Road Controversy

Izembek National Wildlife Refuge lies between the small Alaskan villages of King Cove and Cold Bay. The community of King Cove claims that a road through Izembek is necessary to assure safe transport to Cold Bay’s larger airstrip in the event of a medical emergency. However, commercial interests are a driving force behind the road proposal, as most recently indicated in the wish-list of “Alaska’s Initial Priority Infrastructure Projects” that Alaska Governor Bill Walker sent to President Trump and Office of Management and Budget Director Mick Mulvaney in May. The real purpose of the road is to provide ground transportation for workers and products of the Peter Pan Seafood company.

American taxpayers have already spent over $50 million to provide a safe, reliable medical response system to the King Cove community, which has fewer than 1,000 residents, in lieu of the damaging road. In 1998 the federal government allocated over $37 million to upgrade access to quality medical care for the people living in the village, and then paid an additional $13 million in support of that commitment. King Cove subsequently elected to voluntarily remove from service the state-of-the-art $9 million hovercraft ambulance that was purchased, which successfully performed every medical evacuation to Cold Bay while in operation. The road proposal would cost an estimated $30 million more, resulting in a final bill to the American taxpayer of at least $80 million, excluding costly road maintenance.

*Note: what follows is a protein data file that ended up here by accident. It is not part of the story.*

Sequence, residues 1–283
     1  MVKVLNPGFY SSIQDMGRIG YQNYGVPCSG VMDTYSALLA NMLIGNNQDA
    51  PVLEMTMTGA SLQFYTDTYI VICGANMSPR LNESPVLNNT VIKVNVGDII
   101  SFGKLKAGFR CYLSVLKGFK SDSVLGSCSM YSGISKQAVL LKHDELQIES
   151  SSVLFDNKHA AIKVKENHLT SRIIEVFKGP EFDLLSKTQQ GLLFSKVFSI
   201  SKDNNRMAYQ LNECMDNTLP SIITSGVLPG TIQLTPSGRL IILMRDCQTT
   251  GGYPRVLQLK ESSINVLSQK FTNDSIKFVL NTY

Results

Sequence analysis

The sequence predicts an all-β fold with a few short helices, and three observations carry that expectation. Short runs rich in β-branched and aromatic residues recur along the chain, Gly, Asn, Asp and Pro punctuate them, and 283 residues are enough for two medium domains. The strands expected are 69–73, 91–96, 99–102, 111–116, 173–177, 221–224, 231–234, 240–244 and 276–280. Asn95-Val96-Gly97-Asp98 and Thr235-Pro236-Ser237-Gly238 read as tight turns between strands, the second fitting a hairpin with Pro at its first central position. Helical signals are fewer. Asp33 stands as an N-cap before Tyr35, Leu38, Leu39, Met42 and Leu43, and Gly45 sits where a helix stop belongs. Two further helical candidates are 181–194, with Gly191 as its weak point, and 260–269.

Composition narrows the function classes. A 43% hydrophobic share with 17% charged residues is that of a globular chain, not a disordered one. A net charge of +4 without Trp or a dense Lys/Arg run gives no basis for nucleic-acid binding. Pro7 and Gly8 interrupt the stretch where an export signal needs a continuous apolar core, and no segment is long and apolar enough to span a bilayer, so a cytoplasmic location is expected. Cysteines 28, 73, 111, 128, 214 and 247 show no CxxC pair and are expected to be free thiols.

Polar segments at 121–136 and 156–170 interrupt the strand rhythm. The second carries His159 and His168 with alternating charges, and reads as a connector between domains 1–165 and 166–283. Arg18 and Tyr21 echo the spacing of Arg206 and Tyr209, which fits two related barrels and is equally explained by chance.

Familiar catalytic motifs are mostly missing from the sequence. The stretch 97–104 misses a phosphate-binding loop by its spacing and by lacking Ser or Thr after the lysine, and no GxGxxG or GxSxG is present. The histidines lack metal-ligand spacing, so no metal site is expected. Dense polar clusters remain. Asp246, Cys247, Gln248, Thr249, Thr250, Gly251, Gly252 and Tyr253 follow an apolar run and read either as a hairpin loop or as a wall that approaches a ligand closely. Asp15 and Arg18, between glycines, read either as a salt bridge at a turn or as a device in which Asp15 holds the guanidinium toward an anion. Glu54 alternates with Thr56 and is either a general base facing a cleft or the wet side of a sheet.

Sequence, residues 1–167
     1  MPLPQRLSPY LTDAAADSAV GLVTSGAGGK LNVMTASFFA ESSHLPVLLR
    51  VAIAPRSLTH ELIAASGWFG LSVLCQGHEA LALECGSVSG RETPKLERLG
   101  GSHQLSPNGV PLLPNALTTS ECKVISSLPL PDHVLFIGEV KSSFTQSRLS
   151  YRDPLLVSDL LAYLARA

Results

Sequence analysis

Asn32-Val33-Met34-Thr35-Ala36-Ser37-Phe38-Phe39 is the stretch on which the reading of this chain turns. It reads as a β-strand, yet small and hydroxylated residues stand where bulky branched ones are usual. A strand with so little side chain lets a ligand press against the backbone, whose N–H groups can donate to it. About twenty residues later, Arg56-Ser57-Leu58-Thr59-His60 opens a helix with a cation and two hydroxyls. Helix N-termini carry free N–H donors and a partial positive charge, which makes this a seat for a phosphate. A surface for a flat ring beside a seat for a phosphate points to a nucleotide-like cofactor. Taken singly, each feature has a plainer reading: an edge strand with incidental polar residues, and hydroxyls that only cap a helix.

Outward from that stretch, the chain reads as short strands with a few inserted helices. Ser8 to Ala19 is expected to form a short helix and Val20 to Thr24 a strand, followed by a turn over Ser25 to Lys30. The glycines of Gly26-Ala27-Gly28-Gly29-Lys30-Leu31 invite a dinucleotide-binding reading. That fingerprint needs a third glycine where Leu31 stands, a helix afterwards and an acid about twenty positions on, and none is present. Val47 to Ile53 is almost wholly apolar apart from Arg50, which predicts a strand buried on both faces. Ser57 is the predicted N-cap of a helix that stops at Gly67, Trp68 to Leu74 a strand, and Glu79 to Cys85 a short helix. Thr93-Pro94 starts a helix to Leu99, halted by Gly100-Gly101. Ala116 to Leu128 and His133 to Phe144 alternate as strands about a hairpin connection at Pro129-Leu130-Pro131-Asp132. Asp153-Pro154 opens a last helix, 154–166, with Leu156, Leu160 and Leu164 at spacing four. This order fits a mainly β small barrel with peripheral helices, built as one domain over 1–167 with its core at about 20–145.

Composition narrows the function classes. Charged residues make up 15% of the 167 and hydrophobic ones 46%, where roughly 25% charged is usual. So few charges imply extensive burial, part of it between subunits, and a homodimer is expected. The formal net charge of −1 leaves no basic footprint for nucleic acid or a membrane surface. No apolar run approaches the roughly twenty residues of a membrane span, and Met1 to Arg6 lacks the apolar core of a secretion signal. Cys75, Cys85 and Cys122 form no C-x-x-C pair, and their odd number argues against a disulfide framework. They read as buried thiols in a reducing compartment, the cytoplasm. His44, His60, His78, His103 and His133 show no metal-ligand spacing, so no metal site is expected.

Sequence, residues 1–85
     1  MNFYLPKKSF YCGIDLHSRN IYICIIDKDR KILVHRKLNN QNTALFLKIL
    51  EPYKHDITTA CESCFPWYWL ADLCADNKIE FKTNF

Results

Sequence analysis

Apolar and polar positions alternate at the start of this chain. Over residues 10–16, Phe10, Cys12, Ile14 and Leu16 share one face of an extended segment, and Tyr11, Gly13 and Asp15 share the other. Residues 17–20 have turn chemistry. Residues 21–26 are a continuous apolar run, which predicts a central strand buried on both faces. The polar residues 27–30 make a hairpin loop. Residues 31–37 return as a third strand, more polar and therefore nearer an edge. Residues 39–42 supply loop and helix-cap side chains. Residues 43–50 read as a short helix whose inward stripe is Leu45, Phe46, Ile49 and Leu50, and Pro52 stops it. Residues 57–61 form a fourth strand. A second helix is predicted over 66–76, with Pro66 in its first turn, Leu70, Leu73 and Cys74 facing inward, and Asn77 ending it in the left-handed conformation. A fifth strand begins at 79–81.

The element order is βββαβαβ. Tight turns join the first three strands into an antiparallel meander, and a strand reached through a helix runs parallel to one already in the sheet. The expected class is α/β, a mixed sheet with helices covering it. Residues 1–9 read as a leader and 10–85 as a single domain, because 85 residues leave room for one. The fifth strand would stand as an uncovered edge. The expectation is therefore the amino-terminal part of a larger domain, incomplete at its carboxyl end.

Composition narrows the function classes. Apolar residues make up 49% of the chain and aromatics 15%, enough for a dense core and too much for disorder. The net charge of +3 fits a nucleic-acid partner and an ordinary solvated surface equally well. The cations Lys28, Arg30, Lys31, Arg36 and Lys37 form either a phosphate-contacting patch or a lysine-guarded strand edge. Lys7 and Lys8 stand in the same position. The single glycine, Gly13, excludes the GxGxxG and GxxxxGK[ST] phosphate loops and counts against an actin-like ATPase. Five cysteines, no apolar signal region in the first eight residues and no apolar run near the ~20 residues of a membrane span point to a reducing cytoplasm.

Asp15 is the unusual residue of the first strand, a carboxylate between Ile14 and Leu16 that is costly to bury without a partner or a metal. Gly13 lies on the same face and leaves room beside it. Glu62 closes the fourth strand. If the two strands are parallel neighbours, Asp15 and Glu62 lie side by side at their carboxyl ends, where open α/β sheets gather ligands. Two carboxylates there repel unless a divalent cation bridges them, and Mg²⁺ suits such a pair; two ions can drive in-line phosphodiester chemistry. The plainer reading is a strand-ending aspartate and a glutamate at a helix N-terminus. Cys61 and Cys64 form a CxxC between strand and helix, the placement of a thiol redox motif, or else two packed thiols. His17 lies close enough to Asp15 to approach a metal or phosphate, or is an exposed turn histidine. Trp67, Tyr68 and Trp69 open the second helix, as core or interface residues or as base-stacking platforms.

In addition, the proposed road would likely cost lives, even though other viable transportation options exist. The Izembek National Wildlife Refuge is subject to frequent violent winter storms, making travel along the proposed route extremely dangerous. Traveling the road would likely be treacherous for much of the year, and sometimes impassable, due to seasonal icing, high winds, blizzards and avalanche conditions. A recent study by the Army Corps of Engineers evaluated non-road transportation alternatives for King Cove. The study concluded that a marine ferry option would be reliable approximately 99 percent of the time.

The Department of the Interior has studied this issue exhaustively and repeatedly concluded that the road should not be constructed. In 2013, after a comprehensive four-year analysis including consideration of more than 70,000 public comments, then Secretary of the Interior Sally Jewell reaffirmed that a road through Izembek refuge would irrevocably damage natural resources and should be rejected. In 2015, the U.S. District Court of Alaska upheld the Secretary’s decision to protect the refuge.

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Defenders of Wildlife is dedicated to the protection of all native animals and plants in their natural communities. With nearly 1.2 million members and activists, Defenders of Wildlife is a leading advocate for innovative solutions to safeguard our wildlife heritage for generations to come. For more information, visit Newsroom.Defenders.org and follow us on Twitter @DefendersNews.